This brings us to the eighth point of the Cardinal’s address which deals with the family and education. The Universal Declaration acknowledges that the family is the basic unit or cell of society. Without a healthy and proper understanding of what the family is and what it is not, the health and strength of society are subject to forfeit. It is within this basic social unit that the essentials of education and the wisdom garnered by humans over the millennia are conveyed to our posterity. It is in this vital cell that the individual good and the common good are simultaneously nurtured. Of course, the Secretary of State emphasizes that the family and the life it promotes must be founded on the marriage of one man and one woman who enter a bond—a new being—that is freely entered and open to the conveyance of life to succeeding generations. In spite of the challenges that may confront this basic unit of society, this family has the essential task of conveying love—caritas—to its members and to the succeeding generations that it will produce. The Secretary of State surely had in mind the thoughts of the Universal Declaration’s drafters who were aware of what the totalitarian state attempted in its redefinition of the family and the education that was to be provided for the succeeding generations.
This brings us to the Cardinal’s ninth and final point concerning religious freedom and the Church’s relations with the political community. This is a freedom recognized by Universal Declaration and protected as a non-derogable right in one of its progeny, the International Covenant on Civil and Political Rights. The Universal Declaration acknowledges that religious freedom is a primary and inalienable right that individually and communally sustains other essential rights. The Secretary of State hastened to add that the Church also has her freedom that must be protected since her mission is to convey the truth taught by God that is essential to the survival and salvation of humanity. The Church has the duty to teach, and the subject of her teaching must be God’s truth, not the “truth” imposed by the State or the political party to the peril of what is genuine about the human person and human nature. He warns that to “try to impose, as secularism does, a practice of faith or religion that is strictly private, is to make a caricature of what the practice of religion actually is.” By peaceful means, the religious person, religious communities, and, therefore, the Church have the right as well as the responsibility to proclaim the truth that will set us free from whatever restrains the human person and the human community from their proper destiny. To silence their voices and to repress their actions is contrary to the flourishing of authentic human rights. It is clear that the religious person and the Church must respect the proper role of the temporal authorities; however, the temporal authorities must likewise respect and protect their voices and independent missions that serve as an important complement to the rights of all members of the human family.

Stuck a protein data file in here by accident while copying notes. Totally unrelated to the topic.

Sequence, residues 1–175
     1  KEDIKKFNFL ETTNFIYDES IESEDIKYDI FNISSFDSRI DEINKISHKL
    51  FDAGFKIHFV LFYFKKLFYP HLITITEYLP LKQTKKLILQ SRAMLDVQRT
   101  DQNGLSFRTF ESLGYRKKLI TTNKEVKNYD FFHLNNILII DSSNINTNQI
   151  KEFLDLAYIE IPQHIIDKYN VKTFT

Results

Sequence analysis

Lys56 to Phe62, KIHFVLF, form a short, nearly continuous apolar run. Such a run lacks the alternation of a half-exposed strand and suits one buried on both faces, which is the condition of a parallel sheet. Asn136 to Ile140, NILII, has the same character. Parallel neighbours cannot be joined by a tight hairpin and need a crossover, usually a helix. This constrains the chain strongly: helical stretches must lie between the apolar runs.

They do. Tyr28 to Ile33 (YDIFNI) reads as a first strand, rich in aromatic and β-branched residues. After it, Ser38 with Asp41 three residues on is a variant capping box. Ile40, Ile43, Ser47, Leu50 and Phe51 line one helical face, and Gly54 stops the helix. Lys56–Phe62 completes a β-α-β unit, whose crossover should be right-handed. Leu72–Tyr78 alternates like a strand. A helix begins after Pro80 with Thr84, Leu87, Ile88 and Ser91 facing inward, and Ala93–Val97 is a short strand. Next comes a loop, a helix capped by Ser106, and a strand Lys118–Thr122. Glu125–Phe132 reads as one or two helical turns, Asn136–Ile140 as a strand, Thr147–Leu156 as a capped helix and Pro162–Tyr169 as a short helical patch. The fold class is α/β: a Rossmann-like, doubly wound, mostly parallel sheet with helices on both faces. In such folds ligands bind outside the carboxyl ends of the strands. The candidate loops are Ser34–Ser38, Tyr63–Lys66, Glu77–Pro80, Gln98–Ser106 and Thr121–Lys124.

In his conclusion, Cardinal Bertone reiterates that the Universal Declaration expresses the fundamental principles on which the law of nations is established and the dictates of public conscience are implemented. But there remains much work to be done that the author of human life expects from those who are dedicated to the proposition that fundamental human rights exist and must be protected. While the Church rejoices in the efforts that have been made in this regard, she must remain a participant in the both the debate and the work that will ensure the “protection of human rights, which belong to each person in virtue of his or her natural dignity, from the very moment of conception… to natural death.”